Tyler Durden – Monday, Sep 06, 2021
COVID-19 Vaccine Deployment Minister Nadhim Zahawi told the Times radio that British teenagers would still be allowed to get a COVID-19 vaccination, even if their parents objected, as long as they consented to the jab.
Zahawi explained that thanks to its long history of carrying out school-related vaccinations, that the NHS is well-equipped to make these types of decisions. So long as the clinicians on hand determine that the teen is mentally competent to make a decision related to vaccination, then they would be free to move ahead and administer one, Zahawi explained.
He told Newton Dunn during the Sunday interview that “what you essentially do is make sure that the clinicians discuss this with the parents, with the teenager, and if they are then deemed to be able to make a decision that is competent, then that decision will go in the favor of what the teenager decides to do.”
To try and draw Zahawi out, Dunn pushed for more clarification: “So to be clear, the teenager can override the lack of parental consent? If a teenager really wants a jab and is only 15, the parents say no, the teenager can have it?” to which Zahawi responded, “they would need to be competent to make that decision, with all of the information available.”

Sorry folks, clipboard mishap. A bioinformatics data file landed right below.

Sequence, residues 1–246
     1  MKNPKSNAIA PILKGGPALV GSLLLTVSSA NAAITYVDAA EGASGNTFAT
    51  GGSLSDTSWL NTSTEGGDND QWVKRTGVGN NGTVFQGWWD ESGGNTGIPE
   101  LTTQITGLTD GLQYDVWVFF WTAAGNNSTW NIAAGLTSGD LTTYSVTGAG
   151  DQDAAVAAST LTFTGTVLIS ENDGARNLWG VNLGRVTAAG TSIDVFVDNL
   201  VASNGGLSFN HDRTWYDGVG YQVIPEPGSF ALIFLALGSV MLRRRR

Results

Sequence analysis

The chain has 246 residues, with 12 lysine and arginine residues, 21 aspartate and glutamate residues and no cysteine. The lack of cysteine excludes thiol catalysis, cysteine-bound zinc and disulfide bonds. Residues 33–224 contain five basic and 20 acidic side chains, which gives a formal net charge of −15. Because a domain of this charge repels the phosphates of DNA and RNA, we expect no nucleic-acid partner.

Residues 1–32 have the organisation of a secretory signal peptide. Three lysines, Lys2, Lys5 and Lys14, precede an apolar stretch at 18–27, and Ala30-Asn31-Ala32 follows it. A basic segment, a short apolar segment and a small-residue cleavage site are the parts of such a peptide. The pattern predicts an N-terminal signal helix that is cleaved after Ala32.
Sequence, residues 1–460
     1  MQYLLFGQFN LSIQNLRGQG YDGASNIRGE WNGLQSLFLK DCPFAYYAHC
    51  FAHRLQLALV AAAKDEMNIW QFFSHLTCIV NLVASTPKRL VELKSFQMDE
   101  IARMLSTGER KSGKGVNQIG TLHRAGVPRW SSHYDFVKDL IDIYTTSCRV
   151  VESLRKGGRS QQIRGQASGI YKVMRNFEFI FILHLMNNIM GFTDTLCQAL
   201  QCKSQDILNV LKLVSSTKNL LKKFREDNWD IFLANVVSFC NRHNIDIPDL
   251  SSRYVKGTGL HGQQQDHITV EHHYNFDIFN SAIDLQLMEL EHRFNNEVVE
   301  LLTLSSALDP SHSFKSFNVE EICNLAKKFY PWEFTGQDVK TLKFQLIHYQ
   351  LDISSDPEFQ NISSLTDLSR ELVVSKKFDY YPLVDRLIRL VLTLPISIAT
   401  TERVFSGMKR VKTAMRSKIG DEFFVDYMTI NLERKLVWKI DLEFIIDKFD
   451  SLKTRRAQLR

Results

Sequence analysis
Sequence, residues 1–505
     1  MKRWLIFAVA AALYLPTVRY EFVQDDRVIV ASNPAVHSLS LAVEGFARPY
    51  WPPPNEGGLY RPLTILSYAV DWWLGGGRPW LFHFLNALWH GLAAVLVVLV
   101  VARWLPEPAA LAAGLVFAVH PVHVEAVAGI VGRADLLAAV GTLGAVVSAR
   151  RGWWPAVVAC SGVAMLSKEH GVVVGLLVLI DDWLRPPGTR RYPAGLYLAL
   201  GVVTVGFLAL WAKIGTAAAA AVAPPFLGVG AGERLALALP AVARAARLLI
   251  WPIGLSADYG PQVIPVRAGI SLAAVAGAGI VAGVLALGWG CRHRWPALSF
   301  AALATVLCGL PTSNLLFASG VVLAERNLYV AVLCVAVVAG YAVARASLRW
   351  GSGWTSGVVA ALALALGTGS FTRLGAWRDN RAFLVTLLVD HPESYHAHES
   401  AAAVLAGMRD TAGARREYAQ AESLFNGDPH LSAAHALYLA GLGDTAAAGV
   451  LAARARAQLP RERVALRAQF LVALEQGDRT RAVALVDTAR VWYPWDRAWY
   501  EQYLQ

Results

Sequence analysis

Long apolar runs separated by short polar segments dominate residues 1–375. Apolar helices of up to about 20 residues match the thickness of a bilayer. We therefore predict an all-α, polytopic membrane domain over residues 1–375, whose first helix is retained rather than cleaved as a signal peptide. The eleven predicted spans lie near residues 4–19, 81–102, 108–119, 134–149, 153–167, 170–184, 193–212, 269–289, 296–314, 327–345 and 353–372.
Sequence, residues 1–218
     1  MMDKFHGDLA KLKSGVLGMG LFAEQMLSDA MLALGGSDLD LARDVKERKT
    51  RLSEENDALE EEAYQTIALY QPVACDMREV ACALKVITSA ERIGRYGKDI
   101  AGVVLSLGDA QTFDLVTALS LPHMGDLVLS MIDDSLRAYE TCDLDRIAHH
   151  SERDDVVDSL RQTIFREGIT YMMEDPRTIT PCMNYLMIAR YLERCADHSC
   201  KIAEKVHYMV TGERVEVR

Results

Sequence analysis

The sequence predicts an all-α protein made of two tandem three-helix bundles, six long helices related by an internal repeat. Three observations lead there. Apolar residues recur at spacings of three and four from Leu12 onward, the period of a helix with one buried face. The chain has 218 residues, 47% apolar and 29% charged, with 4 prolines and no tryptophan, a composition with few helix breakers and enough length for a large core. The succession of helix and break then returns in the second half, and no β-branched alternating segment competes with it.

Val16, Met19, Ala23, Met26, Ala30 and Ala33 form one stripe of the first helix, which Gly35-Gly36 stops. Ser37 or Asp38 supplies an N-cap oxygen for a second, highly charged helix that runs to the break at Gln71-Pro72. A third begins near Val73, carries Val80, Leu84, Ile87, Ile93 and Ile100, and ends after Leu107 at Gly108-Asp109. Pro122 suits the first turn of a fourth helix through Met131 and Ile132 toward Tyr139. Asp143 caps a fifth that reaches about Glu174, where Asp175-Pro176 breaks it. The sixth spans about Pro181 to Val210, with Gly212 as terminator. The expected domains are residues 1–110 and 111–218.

Bizarrely, Zahawi appeared to contradict himself when he spoke to Sky News on Sunday and told them that children would require parental consent to get vaccinated no matter what.
Asked by Sky’s Trevor Phillips whether he could “assure parents that if there is a decision to vaccinate 12 to 15-year-olds, it will require parental consent,” Zahawi replied: “I can give that assurance, absolutely.”
For context, On Friday (just two days before Zahawi’s spate of interviews) the UK’s Joint Committee on Vaccination and Immunization refused to recommend on Friday that healthy children between the ages of 12 and 15 be vaccinated against COVID-19, given they are considered extremely low risk, the government is still pushing for vaccination.
JCVI’s deputy chairman, Professor Anthony Harnden, noted on Saturday that “the health benefits from vaccinating well 12- to 15-year-olds” are only “marginally greater than the risks,” and said that any decision should ultimately require “parents’ consent.”
“Both the teenagers and the parents need to be involved in that choice,” he argued.
On Friday, protesters stormed the London headquarters of the UK’s Medicines and Healthcare Products Regulatory Agency in protest of the government’s likely intention to vaccinate children under the age of 16.